12 Steps to Finding the Perfect Logo Design
Whether creating a logo for your business or starting your journey towards becoming a graphic designer, you’ll likely feel the urge to achieve perfection. And if you think about logo design’s tremendous impact on branding, marketing, and overall business success, that urge is justified. After all, the best way to position an organisation in a positive light is to create a visually stunning logo its target audience will associate with trustworthiness, competence, credibility, and value.
In other words, the visual depiction of a logo can make or break a brand’s reputation in the eyes of a conscious consumer.
If you turn through the pages of any company’s history, you will find that the best-known brands worldwide have used their logo design to communicate ethics, fidelity, and togetherness. And even more, brands use their logos to create powerful associations in their audience’s minds, whether with the quality and enjoyability of their products or the simple joy of being the proud owner of a particularly sought-after item.
For instance, when you see Pizza Hut’s red arch, it automatically makes you think of the chain’s delicious pizza and scrumptious sides. When you see the Ferrari logo, you think of a fast, slick car. And when you look at the Google logo, a fantastic search engine pops up in your head.
Simply put, a logo plays a significant role in how people perceive a company and what that company provides.
So, you’re looking for a guide on finding the perfect logo design. In that case, you’ll discover that this article leads you through the process, helping you understand every single aspect of creating a company logotype that stands out, attracts customers, and, most importantly, helps position your business as a dependable provider of products and services your potential customers can trust and rely on. Let’s get into it.
12 Steps to a Perfect Logo Design
Establish a sharp brand image by developing a fantastic logo.
Follow this 12-step approach, which will lead you to find a more effective and perfect logo design.
1 – Understand the Business
As we have established up until now, logos are essential to a brand’s identity. And if you need more clarification on how a visual element can affect consumers’ perception of an organisation, look at the research surrounding logo design and brand identity.
According to a research study published in 2019, a brand’s logo directly impacts consumer evaluations. The data from 816 respondents uncovered that a logo enhances a brand’s image. Moreover, the study results revealed that brand personality and familiarity were crucial in allowing a symbol to shape a brand’s identity, making it much more critical for businesses to invest in a likeable and memorable logo.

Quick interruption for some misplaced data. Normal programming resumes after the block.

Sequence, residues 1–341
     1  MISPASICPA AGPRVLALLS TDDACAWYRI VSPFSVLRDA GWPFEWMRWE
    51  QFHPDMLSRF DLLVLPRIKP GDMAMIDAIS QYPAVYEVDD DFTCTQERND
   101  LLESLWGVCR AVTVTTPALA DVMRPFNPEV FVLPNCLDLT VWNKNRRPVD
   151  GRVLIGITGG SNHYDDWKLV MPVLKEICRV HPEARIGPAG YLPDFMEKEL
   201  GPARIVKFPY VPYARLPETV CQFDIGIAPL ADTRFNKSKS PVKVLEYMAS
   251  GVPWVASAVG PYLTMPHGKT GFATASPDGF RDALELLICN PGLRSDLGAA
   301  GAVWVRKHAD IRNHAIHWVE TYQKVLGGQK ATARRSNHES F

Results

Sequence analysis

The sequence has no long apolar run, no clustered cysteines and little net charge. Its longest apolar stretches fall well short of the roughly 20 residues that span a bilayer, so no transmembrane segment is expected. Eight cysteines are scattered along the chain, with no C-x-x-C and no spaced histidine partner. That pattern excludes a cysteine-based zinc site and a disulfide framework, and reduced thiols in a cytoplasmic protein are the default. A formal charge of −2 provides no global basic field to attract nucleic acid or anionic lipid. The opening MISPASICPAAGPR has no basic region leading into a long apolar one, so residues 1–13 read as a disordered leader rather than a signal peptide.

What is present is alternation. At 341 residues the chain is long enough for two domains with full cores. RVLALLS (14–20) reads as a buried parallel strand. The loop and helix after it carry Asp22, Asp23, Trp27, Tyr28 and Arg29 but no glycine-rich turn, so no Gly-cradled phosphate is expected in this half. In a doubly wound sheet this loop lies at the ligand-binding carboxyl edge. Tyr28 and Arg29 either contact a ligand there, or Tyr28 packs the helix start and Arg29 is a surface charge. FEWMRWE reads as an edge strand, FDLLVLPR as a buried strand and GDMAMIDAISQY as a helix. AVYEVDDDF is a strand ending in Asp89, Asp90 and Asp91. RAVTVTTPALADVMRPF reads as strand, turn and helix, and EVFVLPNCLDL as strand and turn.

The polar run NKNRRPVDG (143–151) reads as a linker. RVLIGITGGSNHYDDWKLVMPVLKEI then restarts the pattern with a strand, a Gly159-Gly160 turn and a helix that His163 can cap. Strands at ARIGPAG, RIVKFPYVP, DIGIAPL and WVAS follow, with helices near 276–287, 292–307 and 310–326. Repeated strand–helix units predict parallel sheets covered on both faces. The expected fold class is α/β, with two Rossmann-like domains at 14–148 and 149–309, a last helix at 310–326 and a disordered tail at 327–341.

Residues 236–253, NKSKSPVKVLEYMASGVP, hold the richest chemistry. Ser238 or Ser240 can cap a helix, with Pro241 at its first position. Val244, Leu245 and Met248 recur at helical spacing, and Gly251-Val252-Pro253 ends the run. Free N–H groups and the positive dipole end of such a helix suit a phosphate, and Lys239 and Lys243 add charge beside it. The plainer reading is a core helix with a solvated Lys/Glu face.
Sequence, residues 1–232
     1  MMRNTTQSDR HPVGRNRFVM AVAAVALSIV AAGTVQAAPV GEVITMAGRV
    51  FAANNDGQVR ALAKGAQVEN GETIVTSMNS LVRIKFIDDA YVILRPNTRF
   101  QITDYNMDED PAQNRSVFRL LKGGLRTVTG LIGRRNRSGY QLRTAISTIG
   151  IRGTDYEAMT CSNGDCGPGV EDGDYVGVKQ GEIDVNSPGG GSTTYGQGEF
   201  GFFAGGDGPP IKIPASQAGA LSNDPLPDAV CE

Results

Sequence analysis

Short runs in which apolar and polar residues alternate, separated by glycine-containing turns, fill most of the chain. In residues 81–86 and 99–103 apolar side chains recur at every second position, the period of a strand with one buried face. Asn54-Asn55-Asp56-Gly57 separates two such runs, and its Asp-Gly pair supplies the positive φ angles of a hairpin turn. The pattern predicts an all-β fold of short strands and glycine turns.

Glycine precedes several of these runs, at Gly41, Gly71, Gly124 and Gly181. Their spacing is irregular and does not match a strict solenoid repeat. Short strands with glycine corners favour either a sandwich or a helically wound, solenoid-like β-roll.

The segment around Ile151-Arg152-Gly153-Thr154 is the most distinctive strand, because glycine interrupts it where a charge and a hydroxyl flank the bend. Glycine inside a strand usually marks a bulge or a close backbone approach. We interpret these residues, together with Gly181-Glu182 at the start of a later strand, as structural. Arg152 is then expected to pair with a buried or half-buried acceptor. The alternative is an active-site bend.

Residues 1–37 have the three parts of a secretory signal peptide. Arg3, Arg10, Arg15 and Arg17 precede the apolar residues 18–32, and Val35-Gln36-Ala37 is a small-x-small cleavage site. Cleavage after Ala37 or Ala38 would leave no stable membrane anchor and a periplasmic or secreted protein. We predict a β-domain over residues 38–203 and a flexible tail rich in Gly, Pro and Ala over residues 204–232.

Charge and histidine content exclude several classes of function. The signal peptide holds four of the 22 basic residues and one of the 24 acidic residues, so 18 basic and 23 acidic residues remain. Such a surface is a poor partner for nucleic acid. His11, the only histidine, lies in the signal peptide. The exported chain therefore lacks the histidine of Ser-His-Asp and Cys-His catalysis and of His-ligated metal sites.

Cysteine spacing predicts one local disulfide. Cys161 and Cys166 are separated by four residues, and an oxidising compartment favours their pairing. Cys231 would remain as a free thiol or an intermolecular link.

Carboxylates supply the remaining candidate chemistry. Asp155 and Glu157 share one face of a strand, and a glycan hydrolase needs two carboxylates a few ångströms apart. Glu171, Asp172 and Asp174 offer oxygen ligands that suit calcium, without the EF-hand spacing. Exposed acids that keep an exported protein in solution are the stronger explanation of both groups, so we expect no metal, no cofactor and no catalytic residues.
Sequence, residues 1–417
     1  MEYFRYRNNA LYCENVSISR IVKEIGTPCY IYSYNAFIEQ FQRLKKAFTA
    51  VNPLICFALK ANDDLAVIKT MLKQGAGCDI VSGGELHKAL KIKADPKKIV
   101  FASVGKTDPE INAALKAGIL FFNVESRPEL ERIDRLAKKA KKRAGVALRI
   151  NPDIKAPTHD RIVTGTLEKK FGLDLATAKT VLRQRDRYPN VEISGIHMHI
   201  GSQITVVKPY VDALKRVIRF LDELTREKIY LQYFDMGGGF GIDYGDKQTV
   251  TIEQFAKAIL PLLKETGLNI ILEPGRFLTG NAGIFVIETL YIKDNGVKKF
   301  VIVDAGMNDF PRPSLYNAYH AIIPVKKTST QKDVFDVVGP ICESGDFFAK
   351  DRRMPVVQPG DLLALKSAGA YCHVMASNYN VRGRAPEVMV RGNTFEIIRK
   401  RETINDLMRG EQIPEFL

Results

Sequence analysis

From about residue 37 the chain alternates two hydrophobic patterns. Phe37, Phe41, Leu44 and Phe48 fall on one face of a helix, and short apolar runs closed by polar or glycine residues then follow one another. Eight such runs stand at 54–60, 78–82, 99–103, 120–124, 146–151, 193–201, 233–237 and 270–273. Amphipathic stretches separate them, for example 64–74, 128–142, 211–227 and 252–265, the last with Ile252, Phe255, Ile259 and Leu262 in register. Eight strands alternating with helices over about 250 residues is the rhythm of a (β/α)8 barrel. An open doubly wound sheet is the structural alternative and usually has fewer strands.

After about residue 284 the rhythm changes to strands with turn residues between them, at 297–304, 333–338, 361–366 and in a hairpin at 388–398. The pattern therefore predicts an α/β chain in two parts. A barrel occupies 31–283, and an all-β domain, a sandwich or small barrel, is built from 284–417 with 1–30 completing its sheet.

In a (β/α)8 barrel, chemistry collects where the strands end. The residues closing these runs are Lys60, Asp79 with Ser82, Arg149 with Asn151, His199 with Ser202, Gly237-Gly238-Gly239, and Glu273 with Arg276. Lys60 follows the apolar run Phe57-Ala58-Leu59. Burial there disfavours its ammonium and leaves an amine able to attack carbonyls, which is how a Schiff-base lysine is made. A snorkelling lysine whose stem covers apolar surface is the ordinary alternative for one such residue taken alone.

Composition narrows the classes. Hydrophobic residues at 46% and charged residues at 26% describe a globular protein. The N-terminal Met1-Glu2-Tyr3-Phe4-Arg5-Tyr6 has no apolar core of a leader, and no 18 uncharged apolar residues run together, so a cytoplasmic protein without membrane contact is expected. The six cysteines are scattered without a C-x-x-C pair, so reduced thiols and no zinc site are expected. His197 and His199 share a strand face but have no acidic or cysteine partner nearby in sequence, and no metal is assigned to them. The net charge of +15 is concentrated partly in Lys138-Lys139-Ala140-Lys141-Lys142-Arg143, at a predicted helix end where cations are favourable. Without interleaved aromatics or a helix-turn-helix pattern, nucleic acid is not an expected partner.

But other studies explored the relationship between logo design and brand perception.
One study conducted in 2015 discovered that logo shapes and colours strongly affect brand image, indicating that choosing specific shapes or hues could help organisations create the desired brand image to position themselves in competitive markets.
Finally, it’s also worth noting that brand logos affect consumer expectations, as research has shown that how a logo is designed directly leads consumers to make assumptions about a company’s products. One particular study from PolyUstudied footwear logotypes and their impact on brand perception. It found that circular logos with mainly curved lines led consumers to believe that the footwear from those brands would be more comfortable than that made by brands with angular logos (which led people to expect durability).
Based on the data above, the key to successful logo design starts with understanding a business. More precisely, the design process must always begin by becoming familiar with a brand’s vision, mission, and overall brand image a company wishes to establish.
So, for all of that to reflect in your design, you must be able to understand your client’s business.
You will be lucky if your client has their vision and mission clearly expressed. If not, then you have some research to do.
The first step towards that process is to monitor and explore how their prospective customers talk about them.
- Discover case studies that show the brand’s process and results.
- Find out answers to surveys that reflect how customers feel about the business.
- Check reviews & testimonials that highlight their best features (you can use tools like Clutch or Google Places for that).
However, if the business or organisation is new, you can always look for some details in their competitors’ companies to give you a solid starting point.
2 – Map & Highlight the Brand’s Value
An excellent logo design has a subtle but remarkable visual hook to it. It is a blend of certain ‘a-ha’ moments whipped with something witty and ties all the rest of it together.
For instance, if you look at the logo of Baskin Robins, you will notice that the pink colour depicts the number 31, which refers to the brand’s 31 flavours. Other than this, the number 31 also portrays the brand’s belief.